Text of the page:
We know SPI as a 4*-wire protocol. But it doesn't have to be.

I'm checking high speed SPI data transfer with buffers, DMA and parallel data lines.

 

 

Let's analyse what the SPI cost is of my naive implementation, where I paint pixel by pixel.

 

SPI Traffic for a Single Pixel

 

Painting a single pixel on the LCD requires 8 SPI calls. In total we move 15 bytes.

The majority is spent on setting a draw window of 1 x 1 pixel. The paint command by itself just takes 2 bytes.

 

Code snippet

 

    _writeCommand(HX8353E_CASET);
    _writeData16(x0);
    _writeData16(x1);
    _writeCommand(HX8353E_RASET);
    _writeData16(y0);
    _writeData16(y1);
    _writeCommand(HX8353E_RAMWR);
    _writeData16(colour);

 

 

 

actionbytestotal
start point command1 byte1
coordinate x2 bytes3
coordinate y2 bytes5
end point command1 byte6
coordinate x2 bytes8
coordinate y2 bytes10
write data command1 byte11
write the pixel colour2 bytes13

 

The analyser trace looks like this:

And the protocol analyser tells us:

 

Almost 20 µS for a pixel. My SPI clock runs at 27.5 Mbits per second.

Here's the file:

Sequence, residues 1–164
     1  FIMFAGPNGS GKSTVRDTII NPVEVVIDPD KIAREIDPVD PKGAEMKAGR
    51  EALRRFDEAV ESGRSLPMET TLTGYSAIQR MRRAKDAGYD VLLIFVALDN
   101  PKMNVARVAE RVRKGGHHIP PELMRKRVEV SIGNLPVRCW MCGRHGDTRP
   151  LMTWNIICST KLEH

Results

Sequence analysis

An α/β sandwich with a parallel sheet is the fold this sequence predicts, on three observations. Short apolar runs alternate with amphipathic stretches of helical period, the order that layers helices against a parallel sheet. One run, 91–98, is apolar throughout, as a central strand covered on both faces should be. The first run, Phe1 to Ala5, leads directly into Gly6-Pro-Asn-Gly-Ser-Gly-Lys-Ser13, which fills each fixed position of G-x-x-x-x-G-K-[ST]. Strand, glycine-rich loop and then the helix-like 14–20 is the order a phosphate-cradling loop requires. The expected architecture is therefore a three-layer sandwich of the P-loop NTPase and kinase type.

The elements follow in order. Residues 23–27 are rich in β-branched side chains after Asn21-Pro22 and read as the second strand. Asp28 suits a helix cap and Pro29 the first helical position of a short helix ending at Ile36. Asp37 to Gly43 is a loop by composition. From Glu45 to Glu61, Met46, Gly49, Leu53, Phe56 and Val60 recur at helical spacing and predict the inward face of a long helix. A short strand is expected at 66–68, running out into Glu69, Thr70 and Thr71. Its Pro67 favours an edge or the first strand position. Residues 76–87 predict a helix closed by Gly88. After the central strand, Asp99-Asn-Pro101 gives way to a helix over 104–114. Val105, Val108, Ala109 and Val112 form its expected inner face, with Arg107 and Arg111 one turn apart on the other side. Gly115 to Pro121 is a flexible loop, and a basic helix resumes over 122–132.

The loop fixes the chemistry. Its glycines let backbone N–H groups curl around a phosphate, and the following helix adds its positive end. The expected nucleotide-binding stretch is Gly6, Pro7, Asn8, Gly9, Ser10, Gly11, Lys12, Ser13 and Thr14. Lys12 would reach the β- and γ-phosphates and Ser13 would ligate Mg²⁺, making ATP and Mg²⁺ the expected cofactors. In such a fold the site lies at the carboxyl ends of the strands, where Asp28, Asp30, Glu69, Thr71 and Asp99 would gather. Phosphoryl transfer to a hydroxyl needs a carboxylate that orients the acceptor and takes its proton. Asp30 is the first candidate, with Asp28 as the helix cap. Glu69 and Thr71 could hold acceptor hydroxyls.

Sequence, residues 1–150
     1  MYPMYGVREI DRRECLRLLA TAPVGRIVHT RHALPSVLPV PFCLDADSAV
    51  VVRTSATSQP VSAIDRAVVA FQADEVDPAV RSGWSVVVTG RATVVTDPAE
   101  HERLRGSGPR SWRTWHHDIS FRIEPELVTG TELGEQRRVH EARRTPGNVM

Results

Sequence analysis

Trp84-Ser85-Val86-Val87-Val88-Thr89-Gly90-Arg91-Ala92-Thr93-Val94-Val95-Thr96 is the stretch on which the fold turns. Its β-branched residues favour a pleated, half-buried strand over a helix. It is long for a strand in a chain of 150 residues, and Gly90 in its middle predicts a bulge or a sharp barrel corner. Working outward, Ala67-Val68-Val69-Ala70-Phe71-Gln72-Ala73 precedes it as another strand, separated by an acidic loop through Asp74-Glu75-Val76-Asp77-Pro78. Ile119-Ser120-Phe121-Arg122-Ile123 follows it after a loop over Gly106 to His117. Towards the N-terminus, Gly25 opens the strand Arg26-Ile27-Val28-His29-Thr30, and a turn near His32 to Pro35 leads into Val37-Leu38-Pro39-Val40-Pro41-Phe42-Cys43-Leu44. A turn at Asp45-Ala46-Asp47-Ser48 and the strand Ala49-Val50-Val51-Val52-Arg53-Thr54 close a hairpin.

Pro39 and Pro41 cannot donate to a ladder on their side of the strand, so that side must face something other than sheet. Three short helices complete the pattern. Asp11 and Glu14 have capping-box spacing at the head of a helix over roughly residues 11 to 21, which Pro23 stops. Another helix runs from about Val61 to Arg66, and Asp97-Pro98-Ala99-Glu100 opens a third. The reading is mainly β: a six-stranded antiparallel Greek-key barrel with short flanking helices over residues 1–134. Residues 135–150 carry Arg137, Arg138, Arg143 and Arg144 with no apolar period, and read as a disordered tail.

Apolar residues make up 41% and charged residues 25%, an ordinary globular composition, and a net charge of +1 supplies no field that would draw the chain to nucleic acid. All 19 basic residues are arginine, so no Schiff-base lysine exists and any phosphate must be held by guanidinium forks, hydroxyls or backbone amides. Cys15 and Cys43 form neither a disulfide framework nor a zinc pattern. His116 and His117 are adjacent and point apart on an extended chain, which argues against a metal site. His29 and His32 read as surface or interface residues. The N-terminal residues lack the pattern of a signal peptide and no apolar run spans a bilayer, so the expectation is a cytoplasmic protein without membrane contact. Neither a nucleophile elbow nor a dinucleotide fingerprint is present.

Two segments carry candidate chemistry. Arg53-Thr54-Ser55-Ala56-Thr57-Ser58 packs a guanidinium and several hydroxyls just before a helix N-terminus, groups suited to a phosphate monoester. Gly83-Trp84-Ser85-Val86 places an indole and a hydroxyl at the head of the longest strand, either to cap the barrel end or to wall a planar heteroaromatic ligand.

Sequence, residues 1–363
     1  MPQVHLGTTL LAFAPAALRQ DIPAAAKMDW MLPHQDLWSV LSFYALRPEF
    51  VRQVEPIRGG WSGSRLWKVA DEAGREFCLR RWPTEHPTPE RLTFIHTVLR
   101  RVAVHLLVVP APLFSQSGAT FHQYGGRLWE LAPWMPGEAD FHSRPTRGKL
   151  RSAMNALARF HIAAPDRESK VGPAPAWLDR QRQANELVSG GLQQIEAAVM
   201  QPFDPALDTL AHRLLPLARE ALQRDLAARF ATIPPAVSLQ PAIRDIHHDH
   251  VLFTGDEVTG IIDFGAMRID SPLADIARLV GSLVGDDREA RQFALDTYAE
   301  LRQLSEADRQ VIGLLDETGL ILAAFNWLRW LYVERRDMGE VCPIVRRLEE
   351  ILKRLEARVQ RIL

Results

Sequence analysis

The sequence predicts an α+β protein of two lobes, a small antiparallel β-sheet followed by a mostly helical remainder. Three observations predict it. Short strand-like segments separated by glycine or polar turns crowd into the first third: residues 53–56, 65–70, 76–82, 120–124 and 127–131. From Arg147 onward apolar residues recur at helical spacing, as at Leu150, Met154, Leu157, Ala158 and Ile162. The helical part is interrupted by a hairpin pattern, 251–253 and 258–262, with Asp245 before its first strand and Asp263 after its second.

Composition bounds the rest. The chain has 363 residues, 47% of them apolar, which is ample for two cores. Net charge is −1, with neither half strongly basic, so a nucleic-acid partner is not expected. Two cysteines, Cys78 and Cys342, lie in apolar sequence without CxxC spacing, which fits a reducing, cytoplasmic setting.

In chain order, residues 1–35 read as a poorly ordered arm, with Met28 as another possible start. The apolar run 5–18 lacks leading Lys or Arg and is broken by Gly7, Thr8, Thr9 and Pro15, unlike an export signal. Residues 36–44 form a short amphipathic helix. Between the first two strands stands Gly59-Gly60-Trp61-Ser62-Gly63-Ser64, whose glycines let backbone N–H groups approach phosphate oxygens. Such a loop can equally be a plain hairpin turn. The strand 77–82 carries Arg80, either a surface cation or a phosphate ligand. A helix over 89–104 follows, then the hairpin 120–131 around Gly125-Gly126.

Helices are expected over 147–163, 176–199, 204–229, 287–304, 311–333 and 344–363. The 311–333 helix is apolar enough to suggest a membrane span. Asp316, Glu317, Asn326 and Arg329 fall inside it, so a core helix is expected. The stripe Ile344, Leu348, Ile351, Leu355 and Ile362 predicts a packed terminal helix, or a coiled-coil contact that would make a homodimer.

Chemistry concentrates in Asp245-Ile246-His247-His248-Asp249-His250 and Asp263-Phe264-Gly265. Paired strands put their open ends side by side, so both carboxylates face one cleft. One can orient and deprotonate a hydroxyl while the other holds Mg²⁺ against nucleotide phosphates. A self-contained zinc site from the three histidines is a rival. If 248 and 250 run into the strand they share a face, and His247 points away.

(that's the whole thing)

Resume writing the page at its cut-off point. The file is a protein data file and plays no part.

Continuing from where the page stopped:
13 bytes per pixel is 1664 bytes for one line of 128 pixels.

2.6 ms per line (20µs x 128). 328 ms for the whole 128 x 128 bitmap.

 

 

 

A Slightly Less Naive Approach

 

Let's try a first speed bump by setting the window to one line in stead of one pixel, and then push the data after that.

Unbuffered still. We are looping through the line and send a pixel at a time over SPI.

But we only send the positioning and windowing bytes (11 of the 13) only once per line.

A saving of 1397 bytes per single line.

 

Code snippet:

void setBitmapInOneThrow(bitmap_t *bmp) {
  uint32_t xx, yy;


    for (yy = 0; yy < bmp->height; yy++) {
        _setWindow(0, yy, bmp->width, yy );
      loadBitmapInDMABuffer(bmp, yy);
        for (xx = 0; xx < bmp->width; xx++) {
        _writeData16(TXDATA[xx]);
        }
    }
}

 

 

We still spend the same time for these activities as in the previous implementation.

16 µS to get the LCD screen initialises. For a whole line now.

 

Beaming the full line of data, 128 x 2 bytes, took us 360 µS

 

 

The total time to draw a line decreased from 2.6 ms per line to 376 µS.

 

In the next blog, we'll try to bring the 360 µS pixel data transmit further down by using buffered SPI.

 

The Series
0 - Buffers and Parallel Data Lines
1a - Buffers and DMA
1b - SPI without Buffers
2 - SPI with Buffers
3a - SPI with DMA
3b - SPI with DMA works
4a - SPI Master with DMA and Parallel Data Lines
Hercules microcontrollers, DMA and Memory Cache